Better Tequila for a Better Environment

According to belief, the Aztec goddess Mayahuel was inspired to create tequila after watching a mouse become inebriated after consuming agave. By crafting the spirit, Mayahuel became known as the goddess of agave. However, this bit of tequila Clase Azul trivia ignores Mayahuel’s most prominent role in Aztec mythology; Mayahuel was also known as the goddess of fertility. Unfortunately, ignoring the partnership between tequila and fertility seems to be a regular problem.

The devastating fungus called fusarium, which swept through Jalisco nearly a decade ago damaging almost a 3rd of agave plants at a time when demand for tequila was reaching freakish levels, remains an enormous threat to the industry. The crisis caused a shift in how tequila was produced. The financial strain made it difficult for independent distillers to continue to make tequila; instead, these people were forced to sell their home to major corporations which regularly focused on quantity over quality. Recognizing increased demand for tequila amid shortages of blue agave, which can take up to 12 years to completely mature, many companies began purchasing other kind of magueys, wild varieties of agave that grow in places such as Guerrero. The result was a abatement in biodiversity; whereby, these maguey plants became uncomfortable by the consumption of the and shoot development became more readily available. Additionally, the practice of growing agave from shoots, not fertilization, created circumstances that increased agave’s vulnerability to fusarium.

These circumstances can be seen on the shelves of your local spirits store. The finest tequilas are constructed from 100% blue agave; however, most tequilas are “mixto”, meaning they may be made from only 51% agave. These tequilas frequently scan other magueys to supplement blue agave, creating cheaper tequilas which are most cost effective for consumers and producers. Even the some esteemed of tequilas, such as Jimador, have made the switch from 100% agave. While the number of available 100% agave brands has grew and mixto tequila brands have slightly decreased, the amount of mixto being produced by these companies is climbing every year. Sadly, the booming mixto market has increased the tension on agave production and created circumstances when a repeat of the popular shortage is very possible.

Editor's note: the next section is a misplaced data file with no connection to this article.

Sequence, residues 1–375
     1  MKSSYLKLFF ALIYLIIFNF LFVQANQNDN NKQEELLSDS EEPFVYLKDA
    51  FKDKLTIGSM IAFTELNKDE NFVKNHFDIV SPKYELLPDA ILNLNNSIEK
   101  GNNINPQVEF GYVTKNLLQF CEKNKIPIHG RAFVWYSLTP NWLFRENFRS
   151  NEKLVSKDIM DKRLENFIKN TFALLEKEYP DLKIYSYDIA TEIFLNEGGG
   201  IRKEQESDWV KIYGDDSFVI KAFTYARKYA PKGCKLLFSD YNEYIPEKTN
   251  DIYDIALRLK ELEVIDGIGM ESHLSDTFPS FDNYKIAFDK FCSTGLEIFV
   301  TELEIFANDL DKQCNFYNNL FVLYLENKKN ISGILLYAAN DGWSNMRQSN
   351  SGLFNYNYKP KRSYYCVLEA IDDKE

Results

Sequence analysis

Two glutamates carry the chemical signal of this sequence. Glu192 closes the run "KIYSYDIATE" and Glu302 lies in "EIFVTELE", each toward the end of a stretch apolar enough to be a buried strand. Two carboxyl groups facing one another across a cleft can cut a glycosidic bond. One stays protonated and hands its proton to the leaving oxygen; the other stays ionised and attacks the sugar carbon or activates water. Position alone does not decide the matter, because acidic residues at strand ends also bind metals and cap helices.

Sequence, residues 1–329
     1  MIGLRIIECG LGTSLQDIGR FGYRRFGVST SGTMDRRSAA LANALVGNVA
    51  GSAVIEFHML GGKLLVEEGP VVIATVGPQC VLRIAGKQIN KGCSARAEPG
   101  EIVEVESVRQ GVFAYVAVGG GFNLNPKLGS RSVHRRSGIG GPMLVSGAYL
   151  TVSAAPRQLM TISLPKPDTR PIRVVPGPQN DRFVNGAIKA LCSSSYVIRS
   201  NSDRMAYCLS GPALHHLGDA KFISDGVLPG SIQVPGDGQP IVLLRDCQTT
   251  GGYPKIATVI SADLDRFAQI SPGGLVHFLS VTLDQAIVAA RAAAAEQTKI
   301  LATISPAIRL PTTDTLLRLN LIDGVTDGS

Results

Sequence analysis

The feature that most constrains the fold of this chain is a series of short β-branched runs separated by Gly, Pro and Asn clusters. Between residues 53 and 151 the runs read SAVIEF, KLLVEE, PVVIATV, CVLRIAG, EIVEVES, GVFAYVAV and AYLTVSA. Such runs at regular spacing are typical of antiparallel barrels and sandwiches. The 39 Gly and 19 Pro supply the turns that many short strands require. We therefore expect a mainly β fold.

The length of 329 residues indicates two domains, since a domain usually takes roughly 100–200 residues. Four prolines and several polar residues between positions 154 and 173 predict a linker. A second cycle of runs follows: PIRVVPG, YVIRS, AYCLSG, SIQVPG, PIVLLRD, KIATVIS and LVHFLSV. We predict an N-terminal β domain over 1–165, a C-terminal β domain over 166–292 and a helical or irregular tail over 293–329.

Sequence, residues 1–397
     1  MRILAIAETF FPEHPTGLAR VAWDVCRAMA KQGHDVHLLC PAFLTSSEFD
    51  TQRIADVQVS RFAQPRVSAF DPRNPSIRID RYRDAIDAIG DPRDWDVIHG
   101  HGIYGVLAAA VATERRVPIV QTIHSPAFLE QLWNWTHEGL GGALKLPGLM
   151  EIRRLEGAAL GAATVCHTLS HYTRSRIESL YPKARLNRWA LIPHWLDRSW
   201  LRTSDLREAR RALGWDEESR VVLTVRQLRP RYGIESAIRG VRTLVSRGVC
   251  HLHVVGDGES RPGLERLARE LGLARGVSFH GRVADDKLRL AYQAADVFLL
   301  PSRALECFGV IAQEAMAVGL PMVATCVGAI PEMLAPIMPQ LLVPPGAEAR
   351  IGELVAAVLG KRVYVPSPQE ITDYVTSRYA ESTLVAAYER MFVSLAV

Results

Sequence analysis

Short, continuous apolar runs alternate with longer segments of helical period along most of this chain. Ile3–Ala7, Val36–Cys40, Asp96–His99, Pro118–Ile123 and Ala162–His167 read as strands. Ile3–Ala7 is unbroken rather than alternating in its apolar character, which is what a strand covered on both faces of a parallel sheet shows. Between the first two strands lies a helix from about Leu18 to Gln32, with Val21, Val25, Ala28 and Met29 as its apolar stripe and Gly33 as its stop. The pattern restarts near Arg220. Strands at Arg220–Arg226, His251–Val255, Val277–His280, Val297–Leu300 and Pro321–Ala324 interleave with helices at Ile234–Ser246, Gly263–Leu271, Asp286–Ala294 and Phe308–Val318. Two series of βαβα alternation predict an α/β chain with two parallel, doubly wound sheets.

Fortunately, the increased environmental consciousness in which 65 percent of Americans report trying at least one organic product and 10 % consume organics 7days has created a demand for organic products in unexpected industries. Recently, vodkas, such as Square One and Liquid Ice, have emerged to meet this demand, yet the amount of organic tequilas remains extremely limited. Nevertheless, alternatives do exist. 4 Copas produces a 100% blanco, reposado, and anejo tequila which is completely organic. Distirbution of this tequila is most widespread in California, but recent success at international competitions may encourage increased distribution.

If 4 Copas is not an option, minimally, consumers should try to purchase 100% agave tequilas over mixtos. These tequilas still commonly come from shoots, but purchasing these productss reduces perils to biodiversity from the practice of adding wild maguey plants. Additionally, these tequilas just taste better! Of these brands, Sauza and Herradura are investigating ways to turn waste elements from production into bioplastics and alternative energy sources.

The link between Mayahuel’s role as goddess of agave and fertility may seem to be a silly relationship. However, the need to consider the role of biodiversity and organic production in the tequila industry cannot be underestimated. Advocating change for a better product and healthier environment must choose consumers. The world of alcoholic drink enthusiasts is aware of how to choose tequila for quality, but the everyday consumer generally chooses a popular or cheaper brand. Schooling him or her is the responsibility of those who are aware of these differences. By taking any opportunity to do so through blogging or by taking a longer period to explain products to your customers at the bar, community interaction can help to improve what is quickly becoming the world’s next fine spirit.

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